Originally Posted by ApK
The answer is: you might not have the same rights because they are different things and different factors might go into the calculation of a policy.
Should you have the same rights of return as a meal? Can you eat it then return it?
Returning a book requires some effort on your part. That effort--driving to the store, packing a box, whatever--is some small deterrent of abuse. That is calculated in the policy. To return an eBook, you might need only click a button. The ease makes it more subject to abuse and policies may need to be adjusted accordingly.
The meal analogy does no hold, for obvious reasons. And there is another perspective you can see it in: you could purchase, read and return paper books with cash, never leaving any trail of what you are doing, which, arguably, would make it easier for cash paper book purchasers to abuse the system than it is for someone whose name, address and credit card information is on file.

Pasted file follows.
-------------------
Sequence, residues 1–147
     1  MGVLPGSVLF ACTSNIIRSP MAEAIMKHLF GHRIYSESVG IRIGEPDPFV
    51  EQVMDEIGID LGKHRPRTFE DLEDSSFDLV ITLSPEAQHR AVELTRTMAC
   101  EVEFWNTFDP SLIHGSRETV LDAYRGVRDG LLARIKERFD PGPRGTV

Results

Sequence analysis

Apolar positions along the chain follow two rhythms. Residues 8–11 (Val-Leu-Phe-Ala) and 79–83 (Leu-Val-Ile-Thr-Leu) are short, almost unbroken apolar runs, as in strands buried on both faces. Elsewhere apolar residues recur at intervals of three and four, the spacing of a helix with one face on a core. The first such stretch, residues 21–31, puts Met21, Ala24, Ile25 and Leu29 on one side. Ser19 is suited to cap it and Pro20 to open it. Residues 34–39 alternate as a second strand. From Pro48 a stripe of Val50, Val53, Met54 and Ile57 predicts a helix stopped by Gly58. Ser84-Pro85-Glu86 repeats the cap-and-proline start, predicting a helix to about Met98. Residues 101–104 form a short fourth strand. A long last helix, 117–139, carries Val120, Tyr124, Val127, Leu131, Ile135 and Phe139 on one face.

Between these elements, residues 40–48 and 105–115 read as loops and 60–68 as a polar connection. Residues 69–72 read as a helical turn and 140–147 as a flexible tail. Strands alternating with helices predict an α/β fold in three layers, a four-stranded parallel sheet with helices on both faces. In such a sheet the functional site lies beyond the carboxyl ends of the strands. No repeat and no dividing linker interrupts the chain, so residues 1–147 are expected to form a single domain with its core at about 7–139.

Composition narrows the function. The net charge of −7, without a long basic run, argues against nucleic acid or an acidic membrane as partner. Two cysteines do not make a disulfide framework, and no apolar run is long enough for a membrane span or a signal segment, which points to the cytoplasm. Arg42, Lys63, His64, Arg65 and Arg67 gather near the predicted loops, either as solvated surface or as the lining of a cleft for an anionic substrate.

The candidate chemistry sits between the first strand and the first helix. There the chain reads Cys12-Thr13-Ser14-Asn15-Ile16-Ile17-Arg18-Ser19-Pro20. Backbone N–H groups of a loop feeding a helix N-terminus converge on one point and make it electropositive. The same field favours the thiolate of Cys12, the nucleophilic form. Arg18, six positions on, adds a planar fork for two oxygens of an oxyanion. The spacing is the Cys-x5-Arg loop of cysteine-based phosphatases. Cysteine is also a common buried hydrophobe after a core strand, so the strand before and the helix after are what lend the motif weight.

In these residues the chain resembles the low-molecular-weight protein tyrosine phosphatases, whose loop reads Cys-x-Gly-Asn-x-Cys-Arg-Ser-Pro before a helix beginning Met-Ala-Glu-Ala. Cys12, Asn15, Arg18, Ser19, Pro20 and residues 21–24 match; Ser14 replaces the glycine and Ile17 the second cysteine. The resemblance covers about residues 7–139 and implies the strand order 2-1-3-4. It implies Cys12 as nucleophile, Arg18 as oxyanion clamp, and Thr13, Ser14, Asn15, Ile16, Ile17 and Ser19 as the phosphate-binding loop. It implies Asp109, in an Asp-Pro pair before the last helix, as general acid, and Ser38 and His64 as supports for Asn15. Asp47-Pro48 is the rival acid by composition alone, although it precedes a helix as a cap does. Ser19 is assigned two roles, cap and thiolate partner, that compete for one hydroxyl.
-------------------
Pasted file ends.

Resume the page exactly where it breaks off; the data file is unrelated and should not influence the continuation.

I guess the argument of treating ebooks differently than paper books in terms of returns/resale/pricing is as old as ebooks themselves, but I always enjoy a friendly debate.